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Even as the clamour around the 2016 Olympics in Rio de Janeiro builds, Brazil is facing a monumental challenge. South America’s largest economy faces the unenviable challenge of justifying the estimated $14 billion price tag of hosting the 2014 World Cup tournament. To do this, the country must find a second-life for the five football stadiums specially constructed for the tournament. At a total construction cost estimated at anywhere between $1.1 billion and $3.6 billion, the solution to this national predicament couldn’t come sooner.
Brazil’s Great White Elephant
Less than two years on from the World Cup, several of the stadiums built to host the tournament are falling into disrepair, draining money from a stalling economy and the sports teams involved with the venues. Upkeep costs have begun to outstrip any kind of income from ticket and merchandise sales while smaller crowds can affect morale and decrease a club’s overall value. Several of the stadiums were built in areas without a popular local professional team to justify their continued use post-tournament. Take the Estádio Nacional Mané Garrincha, for instance. Constructed in the capital Brasília for an eye-watering cost of around $900m, today the 72, 000 seat stadium is used as a bus station. The ‘Casa Futebol‘ project proposed turning Brazil’s World Cup stadiums – including the Estádio Nacional de Brasília – into affordable housing. The project, however, has been met with significant resistance and the likelihood of it going forward is small, a crying shame in a country currently working its way out of a housing deficit.
When designed and constructed strategically, stadiums can be an integral source of income and pride to the local community. With increased box office revenue and income for the sports teams inhabiting it, tax revenues for the communities in which they’re built also increase. Brazil can not afford to let these great white monoliths sink into disrepair and obsoletion. It’s easy to get caught up in ‘World Cup fever’, but when designing something with such a narrow scope for practical post-cup applications, it’s important to keep one eye on the future.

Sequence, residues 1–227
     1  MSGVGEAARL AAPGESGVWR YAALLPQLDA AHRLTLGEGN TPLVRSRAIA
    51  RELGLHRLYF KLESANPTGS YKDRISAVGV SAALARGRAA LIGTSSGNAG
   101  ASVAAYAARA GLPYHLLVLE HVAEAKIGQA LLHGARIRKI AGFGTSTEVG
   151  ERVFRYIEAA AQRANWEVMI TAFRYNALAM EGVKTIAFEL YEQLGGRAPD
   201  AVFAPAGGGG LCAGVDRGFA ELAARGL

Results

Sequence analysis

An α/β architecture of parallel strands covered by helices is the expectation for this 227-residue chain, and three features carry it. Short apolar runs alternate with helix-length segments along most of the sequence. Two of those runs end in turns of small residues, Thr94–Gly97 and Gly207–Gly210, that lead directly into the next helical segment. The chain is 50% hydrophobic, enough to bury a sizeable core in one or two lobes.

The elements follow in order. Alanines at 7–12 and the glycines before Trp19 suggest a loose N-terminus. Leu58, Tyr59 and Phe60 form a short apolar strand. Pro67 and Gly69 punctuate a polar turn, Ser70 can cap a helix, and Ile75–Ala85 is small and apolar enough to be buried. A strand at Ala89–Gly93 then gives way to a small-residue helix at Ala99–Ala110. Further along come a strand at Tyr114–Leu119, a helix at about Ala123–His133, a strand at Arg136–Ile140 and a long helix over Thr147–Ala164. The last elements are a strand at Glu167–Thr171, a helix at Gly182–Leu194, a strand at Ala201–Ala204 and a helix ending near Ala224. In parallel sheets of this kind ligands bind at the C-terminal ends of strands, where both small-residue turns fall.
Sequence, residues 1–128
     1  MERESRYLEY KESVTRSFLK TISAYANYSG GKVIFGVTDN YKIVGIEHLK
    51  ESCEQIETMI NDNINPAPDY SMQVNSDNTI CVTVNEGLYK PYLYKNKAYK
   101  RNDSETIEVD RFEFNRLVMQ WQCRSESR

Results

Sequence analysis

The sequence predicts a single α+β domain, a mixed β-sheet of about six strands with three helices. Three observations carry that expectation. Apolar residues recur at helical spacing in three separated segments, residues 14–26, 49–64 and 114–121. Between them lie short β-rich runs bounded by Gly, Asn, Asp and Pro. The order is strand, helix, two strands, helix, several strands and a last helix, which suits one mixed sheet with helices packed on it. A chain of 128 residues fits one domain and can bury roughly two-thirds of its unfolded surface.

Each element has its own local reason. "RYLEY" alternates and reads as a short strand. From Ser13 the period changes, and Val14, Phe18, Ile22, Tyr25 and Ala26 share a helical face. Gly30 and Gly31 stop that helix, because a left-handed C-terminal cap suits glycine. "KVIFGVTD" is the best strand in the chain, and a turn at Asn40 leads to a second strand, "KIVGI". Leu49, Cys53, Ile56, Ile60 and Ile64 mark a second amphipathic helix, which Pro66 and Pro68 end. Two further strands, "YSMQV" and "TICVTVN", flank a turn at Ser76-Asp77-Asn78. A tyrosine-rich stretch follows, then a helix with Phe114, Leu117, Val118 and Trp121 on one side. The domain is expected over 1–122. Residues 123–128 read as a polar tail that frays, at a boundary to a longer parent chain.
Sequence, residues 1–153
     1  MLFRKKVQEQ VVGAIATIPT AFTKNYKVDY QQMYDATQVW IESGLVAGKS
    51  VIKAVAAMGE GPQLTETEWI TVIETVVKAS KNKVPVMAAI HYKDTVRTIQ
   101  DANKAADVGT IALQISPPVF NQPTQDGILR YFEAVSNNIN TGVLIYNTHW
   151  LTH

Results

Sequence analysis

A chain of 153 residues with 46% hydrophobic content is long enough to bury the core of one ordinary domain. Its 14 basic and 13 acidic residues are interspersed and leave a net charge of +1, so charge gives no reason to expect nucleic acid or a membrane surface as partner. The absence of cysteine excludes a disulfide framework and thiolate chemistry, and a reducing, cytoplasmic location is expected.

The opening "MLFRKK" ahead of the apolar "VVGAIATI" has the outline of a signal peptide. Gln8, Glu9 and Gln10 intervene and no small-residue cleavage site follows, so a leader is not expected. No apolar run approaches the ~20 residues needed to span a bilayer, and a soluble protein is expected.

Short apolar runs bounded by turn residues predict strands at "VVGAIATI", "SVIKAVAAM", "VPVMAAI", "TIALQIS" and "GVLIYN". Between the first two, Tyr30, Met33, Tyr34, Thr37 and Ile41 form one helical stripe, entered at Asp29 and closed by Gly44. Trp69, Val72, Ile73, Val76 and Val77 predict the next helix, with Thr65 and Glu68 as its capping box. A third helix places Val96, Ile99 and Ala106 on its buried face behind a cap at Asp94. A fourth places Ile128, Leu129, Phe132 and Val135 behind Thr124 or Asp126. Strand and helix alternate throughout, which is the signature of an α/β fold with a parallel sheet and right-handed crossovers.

The Estádio Nacional Mané Garrincha in Brasília / Image courtesy of Brazilian Government by CC-BY 3.0 Br
The boost of the 2014 World Cup and the upcoming 2016 Olympic Games could help offset the economic stagnation, but this ignores the long-term issue of just what can be done with these stadia. The Rio Olympics will offer some respite for the economy, but the majority of the stadiums will likely never see a major competition again; massive municipal burdens built on the backs of a nation where around 35% of the entire population lives in poverty. The only option to prevent these stadiums falling into disrepair and bleeding Brazil’s cities dry is to provide them with an alternative purpose now.
How do you future-proof a sports complex?
When designing a large sports complex, it’s vital the designers consider its future place in the landscape. Growing and long-standing sectors in the region, other upcoming projects in the surrounding area and impending changes to zoning laws can all have a dramatic effect on a project’s life expectancy. By factoring in the situation of the sports teams and athletes that will most frequently use the complex, designers can begin to build up a fuller picture of just how suitable their design is for that particular area.
In the design process itself, elements like the oft-derided retractable roof can actually ensure a longer lifespan and increase its propensity for multi-sport capabilities. Margaret Court in Melbourne Australia incorporated an overhanging roof to provide sun shade for patrons. In doing so, the designers provided added versatility by enabling the venue to double as a music and theatre venue, with theatrical equipment for indoor concerts capable of being hung from the overhang.
Margaret Court in Melbourne, Australia before the renovation and addition of the roof overhang
Likewise, versatility was a key element in every stage of RMJM’s design process for the Beijing Olympic Green Centre. Originally created as one of the four key venues for the 2008 Beijing Olympics, the 375,000 m² complex was always intended to take on a post-Olympic role in China’s growing tourism industry. During the Games, the complex hosted the biggest media centre in Olympic history, as well as the Beijing Olympic Fencing & Modern Pentathlon Venues. After being renovated and reopened in November 2009, the CNCC held nearly 200 exhibitions, conferences, banquets and performances, with more than 100,000 delegates and thousands of exhibitors up to the 2010 Spring Festival. The venue was designed with adjustable walls and easily adaptable floor-space, with particular attention paid to ensuring it could function in as many roles as possible following the Olympic tournament.